Who owns the land?

Who owns land & food production?

Women own less than 20% of the world’s land. It’s time to give them equal property rights.” claims an article on the World Economic Forum website, adding “Security and ownership of land is critical to social and economic empowerment. Yet this is an area full of paradoxes. Just try to put some of these numbers into perspective: land and property can form up to 75% of a nation’s wealth, yet three quarters of the world’s population cannot prove they own the land on which they live or work. In fact, 90% of all Africa’s land is still completely undocumented.”

What is alarming about this last statement is that it presents the threat of the tribal and family land titles passing to Corporate, institutional or individual ownership by dint of governmental edicts, in exchange for “development” that is often no more than bribes.

The World Economic Forum – that annually meet in Davos, Switzerland, brings together some of the most rapacious organisations, individuals and institutions, under the guise of “stewarding” a world they do not own, and yet about which they have empowered themselves to make all kinds of pronouncementsl decisions and dispositions that inevitably benefit the rich Nations first and often displace Indigenous First nations!

This could effectively disenfranchise billions of people, around the world, leaving them vulnerable to every kind of abuse and exploitation, as already seen in the USA, Palestine, Australia and other Nations where indigenous populations have been reduced to tenants and farm hands in their own Nations and traditional territories.

When we Westerners arrived in North, Central and South America, Africa, Asia, India etc., Colonial powers appropriated many lands, whole regions were set aside for our cities, our infrastructure, our agriculture, displacing both, settled and nomadic tribes that had lived there since time immemorial.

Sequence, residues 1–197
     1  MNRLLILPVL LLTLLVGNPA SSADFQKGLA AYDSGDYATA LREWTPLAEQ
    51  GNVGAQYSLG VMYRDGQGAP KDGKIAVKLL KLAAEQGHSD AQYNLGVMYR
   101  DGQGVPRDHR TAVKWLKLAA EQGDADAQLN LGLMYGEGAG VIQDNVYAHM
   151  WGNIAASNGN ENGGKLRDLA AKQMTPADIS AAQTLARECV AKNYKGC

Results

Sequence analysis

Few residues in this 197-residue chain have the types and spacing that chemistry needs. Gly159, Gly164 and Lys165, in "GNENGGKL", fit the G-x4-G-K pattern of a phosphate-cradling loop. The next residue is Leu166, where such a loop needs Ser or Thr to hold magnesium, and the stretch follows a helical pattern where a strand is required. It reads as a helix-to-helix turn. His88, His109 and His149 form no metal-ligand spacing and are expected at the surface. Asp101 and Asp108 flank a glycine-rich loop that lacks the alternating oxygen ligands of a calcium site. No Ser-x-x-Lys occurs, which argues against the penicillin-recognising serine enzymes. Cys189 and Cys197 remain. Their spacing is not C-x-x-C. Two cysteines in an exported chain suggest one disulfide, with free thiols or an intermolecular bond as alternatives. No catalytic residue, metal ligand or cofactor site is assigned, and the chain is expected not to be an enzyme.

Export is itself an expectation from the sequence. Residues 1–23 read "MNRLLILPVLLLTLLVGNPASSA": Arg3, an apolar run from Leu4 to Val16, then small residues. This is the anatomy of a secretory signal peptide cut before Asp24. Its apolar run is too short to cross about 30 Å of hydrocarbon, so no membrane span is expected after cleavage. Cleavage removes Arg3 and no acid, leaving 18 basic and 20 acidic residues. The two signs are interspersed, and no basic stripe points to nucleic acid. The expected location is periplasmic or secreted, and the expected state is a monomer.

Now that colonialism has been re-branded, as “Globalisation”, the transfer of land ownership and agricultural practices to Corporate Agribusiness, Logging and Timber, Minerals, Fossil Fuels etc. has intensified.

The only antidote to the terrifying prospect  of all arable and productive land ending in the ownership of Coporate Power and the 1% is the mass acquisition of all and any land and registration of titles of ownership, in perpetuity, in the names of Nations, Tribes and Families whose lands they have always been…. and that requires Co-operative action!

What’s more, it requires close scruitiny of organisations like the World Economic Forum, to ensure that its brief – which focuses on Public-Private “partnership” is the empowerment ordinary people, and not the rich 1%.

Land ownership problems are mostly local issues

opinion April 11, 2012 00:00 By The Nation

The claim that foreigners had control over a vast amount of land in Thailand made the headlines here last month when Ombudsman Siracha Charoenpanij asserted during a seminar that foreigners owned up to a third of land in Thailand, via nominees or by exploiting loopholes in the land ownership law.

Most of the land in question is in coastal areas and used for property development. But there are also a number of land plots used for agriculture that are reportedly owned by foreign investors.